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  1. Mairi H McLean
  1. School of Medicine, Medical Sciences & Nutrition, Aberdeen University, Aberdeen, UK
  1. Correspondence to Dr Mairi H McLean, School of Medicine, Medical Sciences & Nutrition, Aberdeen University, Aberdeen AB25 2ZD, UK; m.h.mclean{at}

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Basic science

An in vitro model of colitis and a new colitis-associated stem cell population

Wang Y, Chiang IL, Ohara TE, et al. Long-term culture captures injury-repair cycles of colonic stem cells. Cell 2019; 179:1144–59.

A stem cell population that mediates regeneration in colitis is unidentified. This is in part due to the challenge of an in vitro epithelial system with the continuous process of damage and repair. The authors used a chemical induced model of colitis (dextran sulphate sodium (DSS)) to show that crypts became atrophic during injury, with reduced expression of Lgr5 and Hopx. Subsequently hypertrophic crypts appeared adjacent to ulcers, and Hopx expression re-emerged in these crypts. An inducible Hopx-labelled mouse model showed that the Hopx positive cells also expressed the foetal-like marker Tacstd2. The Hopx cells could be lineage traced and gave rise to multiple differentiated cell lines. Sorted Hopx+ cells could form spheroids in culture. Ablation of Hopx cells after DSS injury led to apoptosis of the hypertrophic crypts and shorter colons. An in vitro epithelial monolayer was created by dissociating colonic spheroids into single cells and plating onto Transwell membranes submerged in medium for 7 days, before exposing them to an air–liquid interface (ALI). Hopx, but not Lgr5, labelled cells were expressed at the start of regeneration, which gave rise to the monolayer. Re-submerging and then re-exposing the monolayer to the ALI recapitulated the injury-regeneration cycle. Hopx was temporarily lost then re-emerged. Cellular stress was mediated by low oxygen tension, as it induced HIF1-mediated signalling. The authors give evidence that Hopx+ cells function as regenerative stem cells in colitis and oxygen tension acts as a switch between injury and regeneration.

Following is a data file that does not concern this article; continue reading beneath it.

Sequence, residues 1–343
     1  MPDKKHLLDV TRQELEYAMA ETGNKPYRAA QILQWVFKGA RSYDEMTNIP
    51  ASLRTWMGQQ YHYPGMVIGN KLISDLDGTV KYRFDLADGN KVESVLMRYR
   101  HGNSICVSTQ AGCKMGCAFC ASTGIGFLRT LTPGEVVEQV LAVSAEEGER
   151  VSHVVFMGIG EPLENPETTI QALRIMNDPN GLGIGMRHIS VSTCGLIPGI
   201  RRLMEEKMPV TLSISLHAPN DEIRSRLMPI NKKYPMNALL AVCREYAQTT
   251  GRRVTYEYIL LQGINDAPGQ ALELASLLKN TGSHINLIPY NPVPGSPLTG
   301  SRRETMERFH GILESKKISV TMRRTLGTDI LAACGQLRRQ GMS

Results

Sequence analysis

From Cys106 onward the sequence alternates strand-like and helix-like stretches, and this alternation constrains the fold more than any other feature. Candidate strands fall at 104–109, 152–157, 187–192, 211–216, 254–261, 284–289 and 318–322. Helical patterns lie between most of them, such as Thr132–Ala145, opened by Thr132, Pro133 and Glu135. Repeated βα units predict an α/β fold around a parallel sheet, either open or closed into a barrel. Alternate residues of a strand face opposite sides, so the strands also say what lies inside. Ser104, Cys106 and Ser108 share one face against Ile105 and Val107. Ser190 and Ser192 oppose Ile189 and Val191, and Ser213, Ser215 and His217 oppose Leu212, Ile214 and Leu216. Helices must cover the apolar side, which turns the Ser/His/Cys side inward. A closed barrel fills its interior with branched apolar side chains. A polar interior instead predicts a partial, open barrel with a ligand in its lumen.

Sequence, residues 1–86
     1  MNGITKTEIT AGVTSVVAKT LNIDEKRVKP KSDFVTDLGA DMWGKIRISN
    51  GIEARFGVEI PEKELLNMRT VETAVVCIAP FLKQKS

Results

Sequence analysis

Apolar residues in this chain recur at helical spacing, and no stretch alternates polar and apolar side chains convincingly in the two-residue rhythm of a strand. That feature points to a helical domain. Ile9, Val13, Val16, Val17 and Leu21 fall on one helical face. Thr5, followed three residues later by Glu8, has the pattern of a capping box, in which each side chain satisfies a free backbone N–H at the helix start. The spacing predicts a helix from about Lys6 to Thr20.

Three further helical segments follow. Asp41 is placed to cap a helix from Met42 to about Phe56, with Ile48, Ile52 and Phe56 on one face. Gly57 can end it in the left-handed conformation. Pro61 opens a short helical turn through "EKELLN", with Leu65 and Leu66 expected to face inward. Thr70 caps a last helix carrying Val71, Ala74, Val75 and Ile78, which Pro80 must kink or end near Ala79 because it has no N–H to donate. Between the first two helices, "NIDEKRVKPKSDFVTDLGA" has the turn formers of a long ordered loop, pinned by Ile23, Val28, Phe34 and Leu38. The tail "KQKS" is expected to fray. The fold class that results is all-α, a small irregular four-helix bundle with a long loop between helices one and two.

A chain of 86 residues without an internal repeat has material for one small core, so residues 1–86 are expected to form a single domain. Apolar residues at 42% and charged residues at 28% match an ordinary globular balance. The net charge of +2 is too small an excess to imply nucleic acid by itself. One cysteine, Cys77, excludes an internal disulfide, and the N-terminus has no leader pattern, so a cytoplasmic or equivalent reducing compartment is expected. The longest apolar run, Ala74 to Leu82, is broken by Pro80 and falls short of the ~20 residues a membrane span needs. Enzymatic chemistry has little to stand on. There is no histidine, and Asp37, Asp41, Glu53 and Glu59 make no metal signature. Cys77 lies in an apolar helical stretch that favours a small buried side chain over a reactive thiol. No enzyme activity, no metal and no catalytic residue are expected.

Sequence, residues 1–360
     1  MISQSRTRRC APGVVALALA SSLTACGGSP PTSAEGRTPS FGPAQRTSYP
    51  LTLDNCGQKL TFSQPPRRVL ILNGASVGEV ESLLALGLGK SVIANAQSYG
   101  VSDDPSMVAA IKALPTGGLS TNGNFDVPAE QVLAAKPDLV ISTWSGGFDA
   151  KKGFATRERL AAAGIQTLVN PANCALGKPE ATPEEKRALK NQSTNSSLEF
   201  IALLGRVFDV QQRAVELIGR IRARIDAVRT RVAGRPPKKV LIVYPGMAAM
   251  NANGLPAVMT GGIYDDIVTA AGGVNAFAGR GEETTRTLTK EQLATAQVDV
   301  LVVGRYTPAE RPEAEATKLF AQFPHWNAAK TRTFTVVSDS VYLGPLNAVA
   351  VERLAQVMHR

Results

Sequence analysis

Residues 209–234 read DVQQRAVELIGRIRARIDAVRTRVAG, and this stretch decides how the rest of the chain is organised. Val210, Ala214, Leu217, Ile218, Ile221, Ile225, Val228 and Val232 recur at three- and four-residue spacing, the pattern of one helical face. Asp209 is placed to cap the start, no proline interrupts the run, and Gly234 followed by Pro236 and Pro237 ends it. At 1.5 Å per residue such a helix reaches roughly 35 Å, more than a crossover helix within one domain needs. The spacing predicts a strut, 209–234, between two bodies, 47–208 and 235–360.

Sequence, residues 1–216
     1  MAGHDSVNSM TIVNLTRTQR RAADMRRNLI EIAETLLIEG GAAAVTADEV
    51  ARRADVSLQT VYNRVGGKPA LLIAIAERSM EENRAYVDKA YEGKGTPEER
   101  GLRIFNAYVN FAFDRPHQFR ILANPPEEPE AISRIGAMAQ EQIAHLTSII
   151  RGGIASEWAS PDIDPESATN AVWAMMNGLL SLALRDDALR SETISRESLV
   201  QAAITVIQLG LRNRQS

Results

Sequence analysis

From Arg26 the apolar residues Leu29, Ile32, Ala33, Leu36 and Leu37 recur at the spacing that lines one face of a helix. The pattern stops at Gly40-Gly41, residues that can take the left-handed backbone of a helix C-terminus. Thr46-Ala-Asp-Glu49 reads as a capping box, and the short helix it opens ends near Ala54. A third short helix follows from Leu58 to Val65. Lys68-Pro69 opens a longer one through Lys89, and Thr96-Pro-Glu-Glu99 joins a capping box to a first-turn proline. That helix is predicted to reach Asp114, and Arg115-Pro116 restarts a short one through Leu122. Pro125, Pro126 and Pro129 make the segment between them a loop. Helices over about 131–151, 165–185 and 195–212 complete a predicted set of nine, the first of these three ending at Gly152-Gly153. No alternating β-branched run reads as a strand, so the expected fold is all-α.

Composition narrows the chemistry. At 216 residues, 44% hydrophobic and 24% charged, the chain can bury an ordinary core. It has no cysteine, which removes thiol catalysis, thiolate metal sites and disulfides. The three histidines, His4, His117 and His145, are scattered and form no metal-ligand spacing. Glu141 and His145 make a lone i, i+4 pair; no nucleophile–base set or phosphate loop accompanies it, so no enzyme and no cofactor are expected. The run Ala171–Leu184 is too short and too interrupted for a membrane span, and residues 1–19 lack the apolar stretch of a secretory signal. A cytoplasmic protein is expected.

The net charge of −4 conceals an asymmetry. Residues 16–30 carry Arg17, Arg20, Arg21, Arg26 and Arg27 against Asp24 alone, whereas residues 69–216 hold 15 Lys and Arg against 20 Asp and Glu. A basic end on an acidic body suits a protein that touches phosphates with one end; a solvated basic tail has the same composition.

Targeting gut bacteria to treat alcoholic hepatitis

Duan Y, Llorente C, Lang S, et al. Bacteriophage targeting of gut bacterium attenuates alcoholic liver disease. Nature 2019;575:505–11. doi:10.1038/s41586-019-1742-x.

Alcoholic hepatitis (AH) continues to have a high mortality with limited treatment options available. In this article …

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  • Funding The authors have not declared a specific grant for this research from any funding agency in the public, commercial or not-for-profit sectors.

  • Competing interests None declared.

  • Patient consent for publication Not required.

  • Provenance and peer review Not commissioned; internally peer reviewed.

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